Like what you read? Want more information? Check out the full ebook here with much more information on this process!

Download the ebook today!

Here are some articles that you may be interested in:

 

Check out the How to Build a PMO article I wrote if you missed it above:  (Click Here)

Check out the How to Run a Successful PMO article I wrote if you missed it above:  (Click Here)

Good luck, it’s a tough job shutting down a PMO, it is emotional, it is scary, but hang in there you will get through it. I did 6 or 7 times. Depends on when you read this article! Ha ha

Thanks

Bill Dow, PMP

 

Tell me your thoughts in the comments and let’s open a dialog. I would be excited to hear other opinions on this topic.

Consider joining our LinkedIn Group to continue this conversation as well - CLICK HERE
We hope you will consider joining our Facebook Community as well.  Click on the image to your left to visit and join, or you can CLICK HERE

 



 

Reading this article qualifies you to submit a request for PDU’s from PMI.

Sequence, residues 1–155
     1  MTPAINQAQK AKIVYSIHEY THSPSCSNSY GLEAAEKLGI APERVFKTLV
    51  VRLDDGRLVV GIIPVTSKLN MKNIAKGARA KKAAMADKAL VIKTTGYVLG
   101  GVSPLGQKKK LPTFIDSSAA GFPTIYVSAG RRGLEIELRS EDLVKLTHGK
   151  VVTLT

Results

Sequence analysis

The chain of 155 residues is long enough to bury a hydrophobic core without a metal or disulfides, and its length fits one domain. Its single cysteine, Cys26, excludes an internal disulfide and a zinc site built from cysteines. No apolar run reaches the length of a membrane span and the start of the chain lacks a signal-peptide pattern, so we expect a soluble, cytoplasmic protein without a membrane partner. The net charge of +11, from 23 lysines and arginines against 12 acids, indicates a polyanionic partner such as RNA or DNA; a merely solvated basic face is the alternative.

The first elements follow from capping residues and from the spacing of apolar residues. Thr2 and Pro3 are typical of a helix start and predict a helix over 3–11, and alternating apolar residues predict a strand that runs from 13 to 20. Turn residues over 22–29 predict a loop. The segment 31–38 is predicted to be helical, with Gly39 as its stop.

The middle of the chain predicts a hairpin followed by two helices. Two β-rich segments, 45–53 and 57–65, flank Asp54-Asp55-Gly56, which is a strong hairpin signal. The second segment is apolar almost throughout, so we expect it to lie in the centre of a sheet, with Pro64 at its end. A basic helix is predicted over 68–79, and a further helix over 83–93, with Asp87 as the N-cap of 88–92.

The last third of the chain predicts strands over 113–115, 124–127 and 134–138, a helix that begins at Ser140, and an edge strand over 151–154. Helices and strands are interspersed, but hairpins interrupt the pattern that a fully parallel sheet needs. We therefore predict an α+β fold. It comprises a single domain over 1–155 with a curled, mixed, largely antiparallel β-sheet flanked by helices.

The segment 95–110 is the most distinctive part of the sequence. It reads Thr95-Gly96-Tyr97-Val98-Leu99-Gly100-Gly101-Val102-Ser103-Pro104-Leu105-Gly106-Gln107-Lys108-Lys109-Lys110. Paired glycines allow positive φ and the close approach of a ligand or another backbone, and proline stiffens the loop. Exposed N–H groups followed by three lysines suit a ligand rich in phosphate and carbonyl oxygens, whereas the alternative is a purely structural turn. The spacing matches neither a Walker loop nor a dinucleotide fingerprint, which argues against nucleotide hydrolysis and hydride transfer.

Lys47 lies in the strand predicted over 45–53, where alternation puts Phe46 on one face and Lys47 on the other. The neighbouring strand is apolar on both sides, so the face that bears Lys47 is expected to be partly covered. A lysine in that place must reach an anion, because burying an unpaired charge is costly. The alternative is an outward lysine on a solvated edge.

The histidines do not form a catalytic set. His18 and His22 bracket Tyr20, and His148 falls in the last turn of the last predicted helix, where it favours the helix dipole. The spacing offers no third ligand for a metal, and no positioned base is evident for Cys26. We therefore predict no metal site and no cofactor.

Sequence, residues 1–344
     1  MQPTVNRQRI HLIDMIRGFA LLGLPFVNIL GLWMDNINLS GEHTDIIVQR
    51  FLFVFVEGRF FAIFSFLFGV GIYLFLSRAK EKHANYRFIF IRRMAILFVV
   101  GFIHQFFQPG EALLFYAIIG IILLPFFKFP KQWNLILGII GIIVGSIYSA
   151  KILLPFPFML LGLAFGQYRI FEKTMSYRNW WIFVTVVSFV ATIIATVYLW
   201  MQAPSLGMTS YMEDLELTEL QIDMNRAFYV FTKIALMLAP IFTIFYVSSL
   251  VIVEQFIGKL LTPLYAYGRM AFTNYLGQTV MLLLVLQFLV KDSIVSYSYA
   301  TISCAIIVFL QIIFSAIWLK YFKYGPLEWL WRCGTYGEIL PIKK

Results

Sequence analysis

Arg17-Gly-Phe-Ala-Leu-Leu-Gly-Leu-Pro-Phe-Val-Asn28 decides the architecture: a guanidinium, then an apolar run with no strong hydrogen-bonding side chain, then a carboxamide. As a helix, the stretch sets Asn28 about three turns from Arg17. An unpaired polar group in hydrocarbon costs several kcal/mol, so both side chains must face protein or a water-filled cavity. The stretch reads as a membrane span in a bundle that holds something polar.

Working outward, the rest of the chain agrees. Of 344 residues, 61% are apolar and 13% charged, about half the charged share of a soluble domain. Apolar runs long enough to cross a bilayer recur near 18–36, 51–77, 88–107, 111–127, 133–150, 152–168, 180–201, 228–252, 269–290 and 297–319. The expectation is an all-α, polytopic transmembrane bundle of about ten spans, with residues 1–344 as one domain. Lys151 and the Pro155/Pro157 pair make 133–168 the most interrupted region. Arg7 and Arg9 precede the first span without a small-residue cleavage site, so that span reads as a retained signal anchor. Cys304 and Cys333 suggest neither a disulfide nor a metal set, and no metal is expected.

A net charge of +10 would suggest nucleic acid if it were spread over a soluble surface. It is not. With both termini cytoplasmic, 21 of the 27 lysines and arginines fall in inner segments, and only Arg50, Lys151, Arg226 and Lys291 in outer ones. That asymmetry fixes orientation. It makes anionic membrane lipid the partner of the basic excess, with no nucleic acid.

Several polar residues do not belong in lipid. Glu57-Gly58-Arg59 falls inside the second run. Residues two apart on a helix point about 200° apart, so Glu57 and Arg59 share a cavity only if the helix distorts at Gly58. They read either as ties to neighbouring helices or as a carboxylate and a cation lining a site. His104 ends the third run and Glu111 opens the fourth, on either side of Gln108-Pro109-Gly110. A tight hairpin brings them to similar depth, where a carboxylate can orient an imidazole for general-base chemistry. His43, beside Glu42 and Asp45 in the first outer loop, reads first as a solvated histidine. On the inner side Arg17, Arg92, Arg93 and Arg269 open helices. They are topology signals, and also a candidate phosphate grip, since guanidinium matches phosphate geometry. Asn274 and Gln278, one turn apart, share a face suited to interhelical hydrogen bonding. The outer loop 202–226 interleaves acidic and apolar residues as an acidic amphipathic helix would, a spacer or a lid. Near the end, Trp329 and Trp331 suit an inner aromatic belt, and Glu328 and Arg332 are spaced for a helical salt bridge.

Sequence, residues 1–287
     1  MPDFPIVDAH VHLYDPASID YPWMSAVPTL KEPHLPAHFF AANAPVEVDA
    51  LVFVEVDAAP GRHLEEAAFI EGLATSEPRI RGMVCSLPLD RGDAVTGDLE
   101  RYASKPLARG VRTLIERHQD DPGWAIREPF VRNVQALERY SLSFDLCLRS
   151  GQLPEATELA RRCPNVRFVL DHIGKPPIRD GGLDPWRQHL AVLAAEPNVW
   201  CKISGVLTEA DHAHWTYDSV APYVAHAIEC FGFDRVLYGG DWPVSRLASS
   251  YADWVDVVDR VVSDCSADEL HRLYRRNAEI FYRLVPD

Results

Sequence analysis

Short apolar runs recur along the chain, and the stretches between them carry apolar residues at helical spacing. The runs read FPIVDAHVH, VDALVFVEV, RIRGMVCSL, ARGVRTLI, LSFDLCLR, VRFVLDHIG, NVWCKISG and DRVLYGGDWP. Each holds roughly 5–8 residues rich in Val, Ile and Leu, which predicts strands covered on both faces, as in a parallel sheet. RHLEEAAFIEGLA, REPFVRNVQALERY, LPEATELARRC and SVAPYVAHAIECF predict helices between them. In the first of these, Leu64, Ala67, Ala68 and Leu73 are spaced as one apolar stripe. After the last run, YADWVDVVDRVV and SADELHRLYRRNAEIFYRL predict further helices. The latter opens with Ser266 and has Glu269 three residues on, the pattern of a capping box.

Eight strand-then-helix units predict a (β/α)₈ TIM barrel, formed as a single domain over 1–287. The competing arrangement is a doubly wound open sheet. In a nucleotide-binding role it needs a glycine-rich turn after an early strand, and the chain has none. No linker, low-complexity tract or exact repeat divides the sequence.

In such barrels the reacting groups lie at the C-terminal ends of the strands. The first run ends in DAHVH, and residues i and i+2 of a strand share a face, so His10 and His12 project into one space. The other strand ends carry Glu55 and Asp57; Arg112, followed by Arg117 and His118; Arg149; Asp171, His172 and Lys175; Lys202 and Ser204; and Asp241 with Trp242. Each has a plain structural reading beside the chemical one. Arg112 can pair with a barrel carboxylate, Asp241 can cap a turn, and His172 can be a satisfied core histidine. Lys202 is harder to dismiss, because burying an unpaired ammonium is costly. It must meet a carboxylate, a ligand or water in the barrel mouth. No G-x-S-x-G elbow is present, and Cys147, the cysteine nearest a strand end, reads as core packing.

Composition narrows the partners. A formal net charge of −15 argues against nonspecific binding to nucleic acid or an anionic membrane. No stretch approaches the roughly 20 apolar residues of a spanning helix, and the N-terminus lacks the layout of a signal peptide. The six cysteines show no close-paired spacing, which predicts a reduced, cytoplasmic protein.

This Article qualifies as follows:

PDU AMOUNT:  .25 PDU’s

CATEGORY:  STRATEGIC

For more information on registering your PDU’s with PMI – CLICK HERE

 

At Project Management for Today, we encourage conversation; agree with us or disagree with us, it’s all still knowledge, and we are here to share knowledge. Take a moment to add to the conversation by leaving a comment. It’s an opportunity to engage in the conversation!

If you believe in what we are doing, take a minute to share our articles on your social networks such as LinkedIn and other sites. Use the buttons on the left side of the page.